After provoking the demon, Johnson was later attacked by the entity that speculatively took control of his car and forced it into a tree, but he was unharmed by the incident. As a last resort to rid the evil from his family, Johnson returned to the unholy property to inspect an old well that reportedly contained the demon, all against Lorraine Warren’s advice. Johnson then descended into his last coherent confrontation with the demon, before making eye contact and becoming possessed himself.
As David’s condition worsened, Debbie and Johnson decided to move out of her mother’s property and find a new apartment in a different residence of Brookfield, where Debbie later found work as a dog groomer via landlord, Alan Bono. However, after the move, Johnson started to exhibit odd behaviour similar to David’s, where he would experience trance like states and hallucinate, but have no memory of it later.
February 16, 1981
Johnson phoned in sick to his job with Wright Tree Service, who later met Debbie at the kennel where she worked with her sister, Wanda, and her 9-year-old cousin, Mary. Alan Bono bought lunch for the family at a local bar, where he started drinking heavily. When they returned to the kennels, Bono was intoxicated and through his agitation, grabbed Mary and refused to let her go. Johnson demanded Bono release Mary, and according to police reports, began growling whilst drawing a 5-inch (130mm) pocket knife and stabbing Bono repeatedly.
Bono died several hours later, suffering from four or five serious wounds to the chest and and one that stretched from his stomach to the base of his heart, according to Johnson’s lawyer. Police found Johnson two miles from the scene of the crime and was held on a bail of $125,000. Johnson pleaded not guilty, claiming the Devil made him do it.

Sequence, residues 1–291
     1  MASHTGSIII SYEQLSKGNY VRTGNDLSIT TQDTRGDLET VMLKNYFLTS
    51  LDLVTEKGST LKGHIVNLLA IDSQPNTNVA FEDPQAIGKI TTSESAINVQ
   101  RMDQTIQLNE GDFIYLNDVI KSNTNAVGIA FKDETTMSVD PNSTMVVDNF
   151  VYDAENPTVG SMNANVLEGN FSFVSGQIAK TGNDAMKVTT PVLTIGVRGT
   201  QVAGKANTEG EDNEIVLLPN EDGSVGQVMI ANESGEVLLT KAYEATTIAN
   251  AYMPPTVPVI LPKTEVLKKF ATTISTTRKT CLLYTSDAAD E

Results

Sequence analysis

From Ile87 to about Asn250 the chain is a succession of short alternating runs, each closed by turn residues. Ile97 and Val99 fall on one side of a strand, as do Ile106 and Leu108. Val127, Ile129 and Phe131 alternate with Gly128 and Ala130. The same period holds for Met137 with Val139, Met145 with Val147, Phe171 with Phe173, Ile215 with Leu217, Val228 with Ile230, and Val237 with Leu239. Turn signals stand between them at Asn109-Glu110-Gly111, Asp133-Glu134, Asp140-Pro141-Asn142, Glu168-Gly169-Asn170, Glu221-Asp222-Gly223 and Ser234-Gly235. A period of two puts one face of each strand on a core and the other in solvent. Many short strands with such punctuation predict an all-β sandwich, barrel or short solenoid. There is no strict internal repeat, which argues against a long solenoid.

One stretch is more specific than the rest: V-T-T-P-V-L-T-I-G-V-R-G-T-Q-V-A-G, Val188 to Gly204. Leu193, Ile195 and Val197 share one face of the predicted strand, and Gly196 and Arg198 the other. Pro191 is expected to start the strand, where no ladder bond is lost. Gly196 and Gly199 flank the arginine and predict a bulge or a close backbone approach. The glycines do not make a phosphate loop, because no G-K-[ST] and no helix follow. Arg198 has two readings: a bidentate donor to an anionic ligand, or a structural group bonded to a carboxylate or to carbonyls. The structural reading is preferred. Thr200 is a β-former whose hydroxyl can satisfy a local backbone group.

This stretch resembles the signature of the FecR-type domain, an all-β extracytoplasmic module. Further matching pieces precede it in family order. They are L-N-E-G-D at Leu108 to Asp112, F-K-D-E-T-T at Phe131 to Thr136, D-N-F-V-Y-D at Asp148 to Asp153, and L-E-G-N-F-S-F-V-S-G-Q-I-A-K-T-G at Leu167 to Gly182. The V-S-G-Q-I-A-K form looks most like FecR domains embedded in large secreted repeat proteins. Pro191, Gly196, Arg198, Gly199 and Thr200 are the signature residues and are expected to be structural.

Johnson’s attorney, Martin Minella flew to London to examine similar cases and intended to serve subpoenas to the priests who carried out the exorcisms on these cases. He claimed that Johnson was possessed and he had the evidence to prove it, stating, “The courts have dealt with the existence of God. Now they’re going to have to deal with the existence of the Devil,” he told the New York Times in 1981, several weeks after the murder. The trial began, but the judge dropped Minella’s defense stating it would be “irrelative and unscientific” to allow Johnson’s testimony.
November 24th, 1981
Arne Cheyelle Johnson was convicted of first-degree manslaughter for killing his landlord, Alan Bono, after the judge ruled that his possession couldn’t be proven and was subsequently illogical in a court of law. Johnson was sentenced to 10-20 years.
This chilling account of demonic possession is perplexing and intriguing, especially since the entire account is, for the most part, true. The “Devil Made Me Do It” case appears to be the strongest source material that The Conjuring franchise has adapted thus far, and that already carries an eerie weight in its anticipation. Expectations are high for the case to be told accurately in the hands of James Wan, Patrick Wilson and Vera Farmiga, who spent a large amount of time conversing with Lorraine Warren before her peaceful passing back in April.
The Conjuring: The Devil Made Me Do It hits theaters on September 11th, 2020.